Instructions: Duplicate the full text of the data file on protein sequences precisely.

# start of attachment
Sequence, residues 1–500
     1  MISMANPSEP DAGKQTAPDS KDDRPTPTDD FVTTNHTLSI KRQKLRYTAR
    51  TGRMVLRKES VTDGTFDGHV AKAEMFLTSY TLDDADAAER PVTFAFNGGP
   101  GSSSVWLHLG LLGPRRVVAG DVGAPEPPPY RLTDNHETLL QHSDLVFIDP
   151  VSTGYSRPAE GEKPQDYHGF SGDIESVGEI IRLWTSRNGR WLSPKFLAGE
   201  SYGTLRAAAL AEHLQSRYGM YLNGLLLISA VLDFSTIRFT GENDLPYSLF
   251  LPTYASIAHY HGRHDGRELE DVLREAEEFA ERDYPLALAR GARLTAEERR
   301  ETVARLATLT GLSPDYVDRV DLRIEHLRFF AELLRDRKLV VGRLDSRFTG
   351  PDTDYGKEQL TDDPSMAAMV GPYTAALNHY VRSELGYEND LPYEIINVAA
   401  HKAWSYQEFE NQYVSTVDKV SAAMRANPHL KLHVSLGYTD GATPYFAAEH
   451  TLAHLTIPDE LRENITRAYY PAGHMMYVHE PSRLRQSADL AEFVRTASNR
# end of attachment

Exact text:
Sequence, residues 1–500
     1  MISMANPSEP DAGKQTAPDS KDDRPTPTDD FVTTNHTLSI KRQKLRYTAR
    51  TGRMVLRKES VTDGTFDGHV AKAEMFLTSY TLDDADAAER PVTFAFNGGP
   101  GSSSVWLHLG LLGPRRVVAG DVGAPEPPPY RLTDNHETLL QHSDLVFIDP
   151  VSTGYSRPAE GEKPQDYHGF SGDIESVGEI IRLWTSRNGR WLSPKFLAGE
   201  SYGTLRAAAL AEHLQSRYGM YLNGLLLISA VLDFSTIRFT GENDLPYSLF
   251  LPTYASIAHY HGRHDGRELE DVLREAEEFA ERDYPLALAR GARLTAEERR
   301  ETVARLATLT GLSPDYVDRV DLRIEHLRFF AELLRDRKLV VGRLDSRFTG
   351  PDTDYGKEQL TDDPSMAAMV GPYTAALNHY VRSELGYEND LPYEIINVAA
   401  HKAWSYQEFE NQYVSTVDKV SAAMRANPHL KLHVSLGYTD GATPYFAAEH
   451  TLAHLTIPDE LRENITRAYY PAGHMMYVHE PSRLRQSADL AEFVRTASNR